Sporting responded seven minutes into the second half, cutting it to 2-1 when Kevin Ellis leaped over everyone to head home a headed pass across the box from Soni Mustivar.

Pablo Morales scored a stunner of a free kick in the 75th minute to make it 3-1 Whitecaps, but an onslaught in the final 10 minutes produced one of the most memorable stretches in club history.

Dom Dwyer’s header got it to 3-2, and then Paulo Nagamura scored two goals just six minutes apart to give Sporting KC an improbable 4-3 victory.

“It was crazy,” Vermes said. “Their staff was going crazy, it was pandemonium. And the fans were dejected at halftime, and then we scored.

“They think we’re coming back and then the other team scores to go 3-1. And then we scored to make it 3-2, 3-3, and it was just a crazy, crazy game.”

Most aggravating result

Vermes said he has plenty from which to choose, deadpanning, “I’ve got a lot of them to be honest with you.”

Take this one for example. Sporting KC was playing in the nation’s capital early in the 2015 season. With the match tied 0-0, a nifty set-piece routine saw Ike Opara put the ball in the back of the net, only to be flagged for being offside.

Replays showed Opara was easily onside. Even the DC United broadcast team blasted the officials for their poor call. The match resulted in a 1-1 draw, so the negated goal would’ve given KC a 2-1 win.

“I remember sending the video to the league,” Vermes said.

That season, Vermes hired an outside company to take Sporting game film and use what at the time was an ESPN Sportscenter feature: They’d pause a play on a particular highlight, then whip the camera view around to see the play from a different angle.

“I had the company that was doing it at that time take the video and turn it into that animation and spin it around from the linesman’s perspective,” Vermes said. “And our guy was like 5 yards onside.”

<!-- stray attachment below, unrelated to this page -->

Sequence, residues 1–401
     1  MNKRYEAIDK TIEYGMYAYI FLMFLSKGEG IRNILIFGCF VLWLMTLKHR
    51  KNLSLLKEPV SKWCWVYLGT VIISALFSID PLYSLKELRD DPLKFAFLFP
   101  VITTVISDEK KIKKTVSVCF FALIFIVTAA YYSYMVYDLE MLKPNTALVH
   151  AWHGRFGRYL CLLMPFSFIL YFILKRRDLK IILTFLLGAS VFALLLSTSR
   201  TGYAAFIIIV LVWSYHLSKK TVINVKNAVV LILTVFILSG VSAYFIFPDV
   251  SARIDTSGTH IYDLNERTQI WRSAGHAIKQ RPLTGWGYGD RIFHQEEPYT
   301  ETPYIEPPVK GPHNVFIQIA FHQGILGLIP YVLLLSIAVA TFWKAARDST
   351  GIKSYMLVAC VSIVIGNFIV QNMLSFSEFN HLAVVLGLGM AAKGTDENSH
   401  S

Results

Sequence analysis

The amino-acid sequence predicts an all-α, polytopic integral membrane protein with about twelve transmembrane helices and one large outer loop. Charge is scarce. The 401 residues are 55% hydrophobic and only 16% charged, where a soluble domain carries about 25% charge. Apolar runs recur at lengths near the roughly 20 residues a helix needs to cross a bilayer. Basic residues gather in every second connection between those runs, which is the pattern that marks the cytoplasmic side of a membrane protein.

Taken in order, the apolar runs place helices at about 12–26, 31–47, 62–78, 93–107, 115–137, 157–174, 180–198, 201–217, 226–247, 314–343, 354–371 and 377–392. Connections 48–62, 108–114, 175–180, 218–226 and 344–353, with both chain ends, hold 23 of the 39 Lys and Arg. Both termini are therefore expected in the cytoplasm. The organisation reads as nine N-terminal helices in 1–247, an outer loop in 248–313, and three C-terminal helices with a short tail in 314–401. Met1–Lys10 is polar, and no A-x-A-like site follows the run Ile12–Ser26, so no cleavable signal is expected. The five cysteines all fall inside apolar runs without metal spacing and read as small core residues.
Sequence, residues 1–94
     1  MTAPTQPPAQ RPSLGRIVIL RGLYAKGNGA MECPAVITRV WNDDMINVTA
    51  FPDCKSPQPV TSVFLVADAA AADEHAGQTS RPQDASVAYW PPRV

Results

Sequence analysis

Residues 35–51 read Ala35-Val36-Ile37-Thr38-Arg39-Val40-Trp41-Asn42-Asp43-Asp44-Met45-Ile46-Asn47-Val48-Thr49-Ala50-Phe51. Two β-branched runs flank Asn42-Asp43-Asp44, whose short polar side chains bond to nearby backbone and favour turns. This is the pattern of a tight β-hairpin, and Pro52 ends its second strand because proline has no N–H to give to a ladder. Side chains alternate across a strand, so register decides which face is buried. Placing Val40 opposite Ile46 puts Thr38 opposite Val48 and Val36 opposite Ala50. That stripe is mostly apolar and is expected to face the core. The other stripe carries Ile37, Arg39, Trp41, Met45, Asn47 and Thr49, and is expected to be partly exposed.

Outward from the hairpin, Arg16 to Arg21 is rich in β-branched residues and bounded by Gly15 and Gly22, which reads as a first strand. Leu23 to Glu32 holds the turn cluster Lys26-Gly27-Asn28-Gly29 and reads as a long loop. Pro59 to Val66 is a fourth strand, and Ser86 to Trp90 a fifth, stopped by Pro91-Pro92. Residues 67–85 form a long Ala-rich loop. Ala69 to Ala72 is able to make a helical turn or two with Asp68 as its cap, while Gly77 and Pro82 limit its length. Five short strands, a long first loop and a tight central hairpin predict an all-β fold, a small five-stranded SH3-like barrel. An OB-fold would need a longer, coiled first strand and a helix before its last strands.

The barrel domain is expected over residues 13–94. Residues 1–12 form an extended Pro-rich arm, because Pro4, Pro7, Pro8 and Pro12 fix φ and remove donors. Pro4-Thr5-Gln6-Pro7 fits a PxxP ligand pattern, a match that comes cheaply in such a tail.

Sporting missed winning the Supporter’s Shield that season by just one point.

“We tied that game, but that would’ve been two extra points,” Vermes said. “That play frustrated the hell out of me.”

Best atmosphere?

“Eastern Conference semifinals, leg 2, against New England in 2013,” Vermes said. “That was incredible ...

“Don’t get me wrong, the final (in which Sporting KC won the MLS championship) was, too. But that semifinal match was incredible.”

Best save

Jimmy Nielsen’s save against Sebastián Velásquez in penalty round No. 8 in the 2013 MLS Cup Final here in Kansas City, Kan. Lawrence Olum had missed the penalty prior, setting up a must-save scenario for Nielsen, who’s since retired and enshrined as a Sporting Legend.

“If the kid scores, they could’ve won it,” Vermes said.

Best goal(s)?

Vermes couldn’t pick just one, so his three favorites are as follows ...

Claudio Bieler’s winning goal in the 2013 Eastern Conference semifinals vs. the New England Revolution:

“Bieler opens up his body, he’s right footed, and with his left foot, he just opens up and just does what he did so well,” Vermes said. “He’s a great goal-scorer.”

Aurelien Collin’s goal to level the MLS Cup final in 2013:

“It’s the timing, it’s his ability to do what he did … he was a winner.”

Krisztian Nemeth’s solo run at Portland in 2015:

“He dribbled everybody. That was a big-time goal.”